on my understanding. :slight_smile:

> Also, there is a problem we should take care of, that is how we
> negotiate master keys with other clients? Accroding to libsrtp FAQ
> (http://srtp.sourceforge.net/faq.html#Q16), this is beyond the scope
> of SRTP and there many ways to solve this problem. According to
> wikipedia (http://en.wikipedia.org/wiki/Secure_Real-time_Transport_Protocol#SRTP_Interoperability),
> sip seems to be the only protocol that most clients support. So, I
> guess we could use the "SDP Security Descriptions" way. But further
> study on SDP Security Description is needed.

Yes, sounds reasonable. Are there any clients that already do this? I'll
be curious to see examples of sample session negotiation flows.

I am also not very clear how many clients are doing this. But
according to the wiki link above, CounterPath's eyeBeam does. And from
this link: http://en.wikipedia.org/wiki/SDES you can find a example of
the exchanged SDP messages. Hope this could answer your question.

> Although there are some problems need to be studied and maybe
> discussed. There are still clear jobs for me to do. So I will continue
> my work according to the roadmap and my current understanding.

Great! Glad to know you are making progress!

Thank you Emil, it's fun to work with all you guys.

crypto-service-code.zip (7.17 KB)

路路路

On 6/18/07, Emil Ivov <emcho@emcho.com> wrote:

Cheers
Emil

>
> If you have any questions / suggestions, please contact me directly. :slight_smile:
>
> Thanks,
> Su
>
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> For additional commands, e-mail: dev-help@sip-communicator.dev.java.net
>

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#6

Hi Romain,

Thank you for your kind reminder :slight_smile:

I think perhaps I need some more study on those side issues,
especially after reading Werner's mail. Could you please give me a few
days to sort the things up. And then update the roadmap?
I think the update will be more stable and more precise when I am more
clear about the problems (and possiblly their general solution).

Best regards,
Su

路路路

On 6/18/07, Romain KUNTZ <kuntz@clarinet.u-strasbg.fr> wrote:

Hi Su,

Thank you for your progress report.
I think Emil has already commented most of the important points. On
my side, I would have one more comment: reading your mail, it seems
that several side issues were raised (key negotiation etc.). Could
you update your roadmap accordingly, and add those items according to
their level of importance? Even though you may not have time to
address all of them within GSoC, it will help us to have such a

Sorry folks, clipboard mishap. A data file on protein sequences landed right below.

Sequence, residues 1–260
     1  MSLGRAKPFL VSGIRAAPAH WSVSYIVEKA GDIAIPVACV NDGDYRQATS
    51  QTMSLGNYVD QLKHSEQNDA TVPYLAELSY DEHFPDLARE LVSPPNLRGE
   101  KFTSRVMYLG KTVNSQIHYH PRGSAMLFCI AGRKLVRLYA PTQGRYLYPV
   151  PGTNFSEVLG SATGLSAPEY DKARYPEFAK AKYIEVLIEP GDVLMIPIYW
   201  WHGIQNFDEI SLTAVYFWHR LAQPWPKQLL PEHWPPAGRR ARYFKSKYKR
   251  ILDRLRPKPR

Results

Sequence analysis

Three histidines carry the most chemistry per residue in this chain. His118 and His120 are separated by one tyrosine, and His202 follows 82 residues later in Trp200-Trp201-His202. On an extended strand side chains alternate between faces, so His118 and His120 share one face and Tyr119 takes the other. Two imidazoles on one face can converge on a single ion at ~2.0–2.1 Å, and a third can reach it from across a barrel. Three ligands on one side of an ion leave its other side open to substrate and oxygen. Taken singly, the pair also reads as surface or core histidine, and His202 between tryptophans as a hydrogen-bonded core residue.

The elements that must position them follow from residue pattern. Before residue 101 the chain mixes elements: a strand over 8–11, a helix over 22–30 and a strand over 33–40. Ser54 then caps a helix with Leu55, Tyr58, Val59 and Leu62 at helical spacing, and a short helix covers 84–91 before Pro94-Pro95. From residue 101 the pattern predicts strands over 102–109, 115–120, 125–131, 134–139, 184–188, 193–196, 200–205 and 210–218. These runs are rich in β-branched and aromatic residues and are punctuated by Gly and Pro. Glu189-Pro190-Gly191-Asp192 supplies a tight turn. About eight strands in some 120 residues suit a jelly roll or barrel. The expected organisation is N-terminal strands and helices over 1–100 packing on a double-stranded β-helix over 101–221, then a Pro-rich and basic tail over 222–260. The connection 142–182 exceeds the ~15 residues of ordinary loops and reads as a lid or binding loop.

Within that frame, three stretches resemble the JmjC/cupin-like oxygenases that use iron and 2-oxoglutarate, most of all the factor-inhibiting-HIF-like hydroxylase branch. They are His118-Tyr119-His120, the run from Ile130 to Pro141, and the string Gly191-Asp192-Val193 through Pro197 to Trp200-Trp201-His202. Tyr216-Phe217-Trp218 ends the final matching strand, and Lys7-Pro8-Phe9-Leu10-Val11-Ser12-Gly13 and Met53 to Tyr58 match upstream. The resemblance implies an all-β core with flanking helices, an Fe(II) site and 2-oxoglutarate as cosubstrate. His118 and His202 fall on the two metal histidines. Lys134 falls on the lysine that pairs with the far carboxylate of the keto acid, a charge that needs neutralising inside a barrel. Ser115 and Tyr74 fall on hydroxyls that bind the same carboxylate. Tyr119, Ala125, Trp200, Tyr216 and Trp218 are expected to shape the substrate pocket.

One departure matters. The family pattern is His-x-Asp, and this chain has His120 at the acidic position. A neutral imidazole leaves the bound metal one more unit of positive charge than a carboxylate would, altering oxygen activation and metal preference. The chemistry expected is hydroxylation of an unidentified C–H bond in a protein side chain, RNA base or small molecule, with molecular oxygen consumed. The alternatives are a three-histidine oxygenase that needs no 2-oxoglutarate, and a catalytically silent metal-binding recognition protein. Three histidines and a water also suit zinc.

document, so that other people (or maybe you :wink: that would be
willing to work on that topic after the summer of code would know
what's the status and related issues to solve to improve the overall
implementation.

Thanks again for your detailed output,

Cheers,
romain

On 2007/06/12, at 16:38, Bing Su wrote:

> Hi all,
>
> After some time's work, there are some new thoughts / status updates
> regarding SRTP implementation that I'd like to share with you. :slight_smile:
>
> As planned on the road map
> (http://www.sip-communicator.org/index.php/Development/RoadmapSuBing),
> in the last few weeks my work is primarily focused on the following 4
> items:
>
> 1. Migrate current RTPConnector implementation into sip communicator's
> media package.
> 2. Design an encryption service interface.
> 3. Implement encryption service using NULL transform.
> 4. Implement encryption service using bouncy castle, if time permits.
>
> For each of them, I will explain the detailed status:
> 1. The migration work is started, but not finished. I put
> TransformConnector's code under a new package at
> "net.java.sip.communicator.impl.media.transformer". Then I modified
> CallSessionImpl's initializeRtpManager method, using
> TransformConnector to initialize RTPManager. The TransformConnector
> object is created through TransformManager.createSRTPConnector method,
> by passing master key and srtp/srtcp's encryption policy. Because we
> uses customized RTPConnector to transport our RTP packets, we can't
> use RTPManager's addTarget / removeTargets methods as specified by the
> JMF API doc. So, we need to modify the initStreamTarget /
> stopStreaming method of CallSessionImpl, replace the
> addTarget/removeTargets method call with our TransformConnector's
> equivelent method. This is where I am currently working on.
>
> 2. I created a crypto service in sip-communicator. Its has a